At Dodd, it's about dollars ... and sense


And to think some of us have issues finding common ground. So let's start here:

Raise your hand if you don't have any money.

See? It only took two paragraphs and we're practically all brothers and sisters already.

We all need to spend wisely. Which is what makes going to the ballpark now an exercise in hypertension. I mean, I get that we need to pay CC Sabathia's salary. But $6 for water?

Good news today, however. The Connecticut Tigers are back for another summer. This just in: It's a night at the ballpark, only without the gouging. Maybe if we forgo the major league experience for our living rooms with HD and get our ballpark fix at Dodd Stadium, we'll all have a little more to spend, you know, at Christmas.

It was Opening Night on Wednesday. A nice crowd shuffled in. Come along

Immediately, you see the Dodd Experience saves money. It's $3 to park. It's $35 in the Ruppert Garage at Yankee Stadium. That's a savings of $32. Do you know what you can buy with $32? At least three coffees at Starbucks.

Next, we went to the ticket window. Tickets start at $8. We ran into Norwich mayor Deb Hinchey at will call. She's trying to explain to the kid at the window - he has no idea who she is - that she's here to throw out the first pitch and needs entry to the ballpark. This took a while. And she couldn't have been more pleasant and patient.

We like Mayor Hinchey.

But could you imagine if that ever happened to, oh, Mike Francesa?

This is another benefit of the ballpark experience here. Blowhards are at a minimum.

Next, right field. The Hole In The Wall Bar. You can spin around on your stool and watch the game sipping a Narragansett. You could even channel your inner Curt Gowdy and tell the guy next to you, "Hi neighbor! Have a 'Gansett!"

Then we new see Tigers Director of Sales, Brent Southworth, the former Norwich American Legion coach, who once led the team to the Northeast Regionals. Good guy, Brent. He takes us upstairs to the ballpark's best kept secret: The Yard Bar & Grill. For $20, you watch the game from a skybox converted into a lounge with reasonable prices ($8 nachos and sandwiches, $3.50 soda, $6 for 20-ounce drafts and $5 glasses of wine).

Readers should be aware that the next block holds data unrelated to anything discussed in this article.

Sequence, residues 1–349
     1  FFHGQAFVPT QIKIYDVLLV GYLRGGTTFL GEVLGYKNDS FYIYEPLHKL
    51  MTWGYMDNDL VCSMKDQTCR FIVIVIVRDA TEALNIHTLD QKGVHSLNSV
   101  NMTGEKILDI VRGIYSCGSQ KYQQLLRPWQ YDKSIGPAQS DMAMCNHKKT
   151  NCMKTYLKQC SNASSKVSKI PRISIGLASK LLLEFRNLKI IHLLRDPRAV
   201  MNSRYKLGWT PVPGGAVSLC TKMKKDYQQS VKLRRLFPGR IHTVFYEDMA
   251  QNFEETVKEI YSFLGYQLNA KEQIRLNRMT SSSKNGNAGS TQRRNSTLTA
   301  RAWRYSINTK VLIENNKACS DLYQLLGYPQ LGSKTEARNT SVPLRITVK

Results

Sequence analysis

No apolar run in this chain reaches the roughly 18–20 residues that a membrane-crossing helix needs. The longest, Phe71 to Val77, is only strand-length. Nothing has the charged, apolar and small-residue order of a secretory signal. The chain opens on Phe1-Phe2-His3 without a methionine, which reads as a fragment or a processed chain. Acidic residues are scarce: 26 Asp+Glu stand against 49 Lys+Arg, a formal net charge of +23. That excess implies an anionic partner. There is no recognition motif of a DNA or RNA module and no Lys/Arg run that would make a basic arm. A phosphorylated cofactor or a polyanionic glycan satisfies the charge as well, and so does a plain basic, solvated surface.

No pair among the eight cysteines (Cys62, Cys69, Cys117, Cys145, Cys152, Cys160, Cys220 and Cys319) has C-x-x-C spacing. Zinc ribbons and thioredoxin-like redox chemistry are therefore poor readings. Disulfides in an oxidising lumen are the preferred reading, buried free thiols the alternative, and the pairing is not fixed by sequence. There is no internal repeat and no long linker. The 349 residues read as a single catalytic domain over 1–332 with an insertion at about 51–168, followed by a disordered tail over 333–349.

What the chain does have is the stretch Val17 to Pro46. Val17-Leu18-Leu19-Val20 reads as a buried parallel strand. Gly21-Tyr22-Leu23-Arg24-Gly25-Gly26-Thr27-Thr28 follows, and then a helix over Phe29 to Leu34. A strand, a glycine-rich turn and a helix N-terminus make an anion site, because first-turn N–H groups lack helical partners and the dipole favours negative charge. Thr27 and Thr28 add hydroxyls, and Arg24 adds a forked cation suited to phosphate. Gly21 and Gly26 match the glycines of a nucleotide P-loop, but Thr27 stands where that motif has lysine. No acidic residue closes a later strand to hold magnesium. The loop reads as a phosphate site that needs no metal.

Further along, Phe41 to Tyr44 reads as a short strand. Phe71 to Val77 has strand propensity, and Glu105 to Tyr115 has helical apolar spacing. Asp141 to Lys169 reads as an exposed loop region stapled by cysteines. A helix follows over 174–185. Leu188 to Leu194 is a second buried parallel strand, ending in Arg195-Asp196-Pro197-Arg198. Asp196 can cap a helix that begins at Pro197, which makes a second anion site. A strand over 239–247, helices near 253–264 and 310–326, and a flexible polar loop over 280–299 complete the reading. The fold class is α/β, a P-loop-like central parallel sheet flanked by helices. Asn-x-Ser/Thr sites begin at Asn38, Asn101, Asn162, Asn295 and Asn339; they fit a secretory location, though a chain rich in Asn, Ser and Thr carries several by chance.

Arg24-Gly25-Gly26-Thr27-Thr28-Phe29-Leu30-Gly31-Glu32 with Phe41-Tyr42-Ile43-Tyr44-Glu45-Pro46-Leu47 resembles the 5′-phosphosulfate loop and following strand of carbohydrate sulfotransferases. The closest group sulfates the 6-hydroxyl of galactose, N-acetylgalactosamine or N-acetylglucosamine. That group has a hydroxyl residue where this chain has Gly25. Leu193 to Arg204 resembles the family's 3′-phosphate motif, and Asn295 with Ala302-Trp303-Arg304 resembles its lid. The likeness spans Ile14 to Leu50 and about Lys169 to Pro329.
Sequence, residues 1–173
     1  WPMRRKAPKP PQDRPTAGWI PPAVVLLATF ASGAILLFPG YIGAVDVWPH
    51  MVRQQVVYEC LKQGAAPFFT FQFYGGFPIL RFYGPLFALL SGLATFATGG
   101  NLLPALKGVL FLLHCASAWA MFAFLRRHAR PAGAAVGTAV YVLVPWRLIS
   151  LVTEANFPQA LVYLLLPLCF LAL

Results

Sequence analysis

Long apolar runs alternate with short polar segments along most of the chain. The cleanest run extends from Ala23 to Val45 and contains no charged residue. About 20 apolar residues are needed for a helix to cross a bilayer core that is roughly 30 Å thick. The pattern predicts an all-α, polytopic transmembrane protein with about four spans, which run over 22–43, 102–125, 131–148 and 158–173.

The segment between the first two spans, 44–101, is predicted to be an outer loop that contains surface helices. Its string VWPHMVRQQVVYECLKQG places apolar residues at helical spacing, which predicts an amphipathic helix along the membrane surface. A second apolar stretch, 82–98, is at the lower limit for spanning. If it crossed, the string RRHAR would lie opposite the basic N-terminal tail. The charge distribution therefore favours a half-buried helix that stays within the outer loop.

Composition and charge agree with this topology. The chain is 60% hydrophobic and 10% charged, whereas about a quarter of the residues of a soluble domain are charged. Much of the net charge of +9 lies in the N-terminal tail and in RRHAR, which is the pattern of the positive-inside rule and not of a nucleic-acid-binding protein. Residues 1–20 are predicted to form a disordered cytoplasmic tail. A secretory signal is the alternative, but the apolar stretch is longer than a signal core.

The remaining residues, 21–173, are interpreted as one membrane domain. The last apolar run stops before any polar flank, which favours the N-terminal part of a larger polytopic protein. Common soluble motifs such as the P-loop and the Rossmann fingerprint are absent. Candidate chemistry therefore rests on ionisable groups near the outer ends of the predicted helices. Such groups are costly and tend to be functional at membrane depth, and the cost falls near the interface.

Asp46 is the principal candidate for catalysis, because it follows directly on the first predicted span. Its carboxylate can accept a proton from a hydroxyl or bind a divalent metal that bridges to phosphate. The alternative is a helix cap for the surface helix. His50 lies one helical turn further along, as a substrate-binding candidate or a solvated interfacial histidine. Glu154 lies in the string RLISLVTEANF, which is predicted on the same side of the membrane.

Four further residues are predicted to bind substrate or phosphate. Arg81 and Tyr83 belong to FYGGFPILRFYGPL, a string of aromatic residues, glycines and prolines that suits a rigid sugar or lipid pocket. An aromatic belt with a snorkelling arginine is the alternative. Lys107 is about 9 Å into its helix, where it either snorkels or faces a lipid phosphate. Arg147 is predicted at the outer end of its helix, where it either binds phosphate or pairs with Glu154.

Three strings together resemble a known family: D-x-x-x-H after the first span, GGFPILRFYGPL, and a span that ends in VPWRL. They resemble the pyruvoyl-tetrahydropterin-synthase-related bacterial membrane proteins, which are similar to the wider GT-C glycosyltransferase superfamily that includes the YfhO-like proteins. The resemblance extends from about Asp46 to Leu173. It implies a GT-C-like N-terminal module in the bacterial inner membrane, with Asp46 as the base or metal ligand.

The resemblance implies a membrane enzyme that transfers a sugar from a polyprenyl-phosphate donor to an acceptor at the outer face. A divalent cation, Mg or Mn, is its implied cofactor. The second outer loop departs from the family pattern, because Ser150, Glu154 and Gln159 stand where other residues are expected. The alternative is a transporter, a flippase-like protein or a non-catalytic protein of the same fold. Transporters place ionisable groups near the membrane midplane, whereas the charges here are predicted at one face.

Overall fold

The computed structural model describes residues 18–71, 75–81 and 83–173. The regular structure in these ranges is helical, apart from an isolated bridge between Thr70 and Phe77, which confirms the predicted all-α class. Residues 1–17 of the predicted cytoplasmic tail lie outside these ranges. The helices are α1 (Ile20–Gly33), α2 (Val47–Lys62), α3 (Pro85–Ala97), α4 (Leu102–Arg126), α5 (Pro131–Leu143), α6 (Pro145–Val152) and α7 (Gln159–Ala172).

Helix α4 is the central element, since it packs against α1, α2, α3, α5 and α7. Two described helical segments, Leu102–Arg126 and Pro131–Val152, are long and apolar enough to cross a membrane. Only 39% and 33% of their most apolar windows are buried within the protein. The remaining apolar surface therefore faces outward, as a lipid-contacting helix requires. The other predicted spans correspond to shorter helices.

Brent reminds us that skybox rentals are $450 per game, which, if you corral 20 people, comes to $23.50 apiece. Individual game suites at Yankee Stadium start at $3,780. No, really. If you really have some change to throw, you could reserve the suite that goes for $23,950. For one game. You know what I would pay $23,950 for one day? Nothing. That's what.

Back to the concourse. Hot dogs are $3. The Retro Beer Bar has Ballantine (cue Mel Allen), Schlitz (cue James Coburn), PBR and Schaefer (the one beer to have when you're having more than one). Nothing costs more than $4.50. It's like having the Dutch Tavern outside.

Down the left field line, the barbecue area appeals to groups. All you can eat for 90 minutes, a 15-person minimum, for $23 apiece. There's also a kids zone with a slide and two bouncy houses.

Nightly specials:

Mondays: Kids eat free, sponsored in part by The Day. (Yes. I know. We are awesome). Because you know what you get for free anymore? Nothing. That's what.

Tuesday: Dollar hot dogs.

Wednesday: Grand Slam Family Four Pack. Four reserved tickets, four hot dogs, four sodas, and a box of popcorn for $40. Kids run the bases postgame.

Thursday aren't just Thursdays. They are Thirsty Thursdays. Gates open at 5 for happy hour with live music, and $2 drafts.

Friday: Fireworks.

Saturday: Various giveaways.

Sunday: Bring your glove and have a catch, a coupon for free ice cream at Ben and Jerry's and kids run the bases after the game.

Sorry. I know I sound like I'm on the payroll. But anyplace that keeps tossing in the word "free" deserves an ovation.

Once again, free country. You want to go to Fenway or the Bronx and pay the gross national product of Argentina for a Heineken? Have a day. But there are four bases and a fence and hot dogs and beer right up the road.

Happy summer.

This is the opinion of Day sports columnist Mike DiMauro.


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